PAUL STAINTON: Yes, back in the day, this is my era (JINGLE FM 102.7). I remember that. I remember singing all the adverts, Griffin Print, the colour printers of Belgic Square. And everybody who worked there knew about Peterborough. It’s not the case now, is it?
STEWART FRANCIS: Well it’s an important point you make there as well. Commercially, of course it is another outlet for companies in Peterborough. They can advertise in the Evening Telegraph, and the Evening Telegraph’s a great newspaper, but not everybody reads the Evening Telegraph. So it was another outlet for many companies, who grew their businesses on the back of a successful commercial radio station. When Hereward Radio started in the ’80s, fifty per cent of the city of Peterborough listened to it. Those audience figures have never been matched. The interesting thing is, that is when the radio station was under local ownership, it was under local guidance, it had a newsroom with local journalists working at it. It had DJs who understood what local people wanted to listen to, music-wise. And those were great days. But I don’t want to sound like a dinosaur, because the fact is things do move on. What I’m saying is that this city deserves its own commercial radio station. The local authority agrees with that. The local MP agrees with that. And lots of people who’ve written to the Evening Telegraph actually agree with that. It’s now time for Ofcom  and the Secretary of State for Culture, Media and Sport, to actually ask some serious questions, and say how did this happen. How did Peterborough lose local radio? Nobody’s put that in a Green Paper, White Paper, or anything else. It’s just gone by default.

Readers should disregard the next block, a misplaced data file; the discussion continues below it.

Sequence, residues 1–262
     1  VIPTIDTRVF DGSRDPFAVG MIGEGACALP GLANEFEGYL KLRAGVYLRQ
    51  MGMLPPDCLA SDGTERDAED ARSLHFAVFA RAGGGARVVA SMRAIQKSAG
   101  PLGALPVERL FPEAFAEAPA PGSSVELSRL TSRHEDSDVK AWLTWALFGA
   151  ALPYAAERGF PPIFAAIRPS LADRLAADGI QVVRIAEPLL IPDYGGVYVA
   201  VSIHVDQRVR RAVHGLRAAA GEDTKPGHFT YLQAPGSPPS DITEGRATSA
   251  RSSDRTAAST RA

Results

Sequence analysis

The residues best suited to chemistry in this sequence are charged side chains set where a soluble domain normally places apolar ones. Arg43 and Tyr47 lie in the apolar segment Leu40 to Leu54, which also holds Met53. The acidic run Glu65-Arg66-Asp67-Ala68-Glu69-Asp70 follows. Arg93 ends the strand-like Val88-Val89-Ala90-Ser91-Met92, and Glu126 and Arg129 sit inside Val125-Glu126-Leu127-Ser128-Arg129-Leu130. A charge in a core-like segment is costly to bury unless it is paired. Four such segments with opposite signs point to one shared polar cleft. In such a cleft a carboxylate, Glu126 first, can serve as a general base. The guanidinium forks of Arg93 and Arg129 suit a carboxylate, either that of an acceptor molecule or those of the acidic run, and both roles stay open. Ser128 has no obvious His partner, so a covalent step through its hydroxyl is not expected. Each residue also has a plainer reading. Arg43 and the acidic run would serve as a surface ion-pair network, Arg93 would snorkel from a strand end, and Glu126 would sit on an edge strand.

PAUL STAINTON: It’s astonishing, in a city that is growing, getting bigger, multi-cultural, younger than most other cities.
PAUL STAINTON: It’s astonishing. From Wednesday I’m going to have no competition in the morning.
STEWART FRANCIS: Yes. Absolutely.
PAUL STAINTON: Bring it on. C’mon people. Bring it on.
STEWART FRANCIS: Well I could say, listen to Paul, but they are already of course.
PAUL STAINTON: (LAUGHS) You old soak you.
STEWART FRANCIS: That’s what you’ll broadcast in your dotage Paul. You did point out at the beginning this was a long long time ago.
STEWART FRANCIS: It’s so nice to be back on the radio, in the home of elderly presenters.
PAUL STAINTON: Thank you. But I will be shedding a tear this week. Quite genuinely, I’m just looking at a picture of Jim Warwick, the old engineer, turning on the black and white studio in Hereward for the first time, which is on the internet.
STEWART FRANCIS: Yes but does anybody remember that Jim Warwick, our Chief Engineer, became WinCo Warwick, the character who we put up in this light aeroplane, that actually he was flying himself, as well as broadcasting? It’s like driving a car with a mobile phone. You’re flying down the A1, broadcasting. We’d say, come in WinCo. Can you let us know what the traffic is? (SFX-STATIC) Sorry WinCo. (SFX-STATIC) Has he crashed? No no. And that was our Chief Engineer. That’s how everybody mucked in in those days.
PAUL STAINTON: Yes. No more Pick Your Poison from Peterborough. No more laughs with Paul Coyte, my good self and others. No more Adrian Durham on the news. No more of those people that came through, unless somebody does something about it. Stewart, thank you for coming on this morning. Appreciate your points. Stewart Francis, one of the men who helped bring independent radio to Peterborough, back in the day, 1980. He set up Hereward FM, or Hereward 225 as it was then, former Managing Director. And then of course it moved through various guises, various conglomerates.And tomorrow it disappears from Peterborough for ever. Hereward FM, Heart FM, moved to Cambridge. It’s going to be a sad day for all of us that have been through that.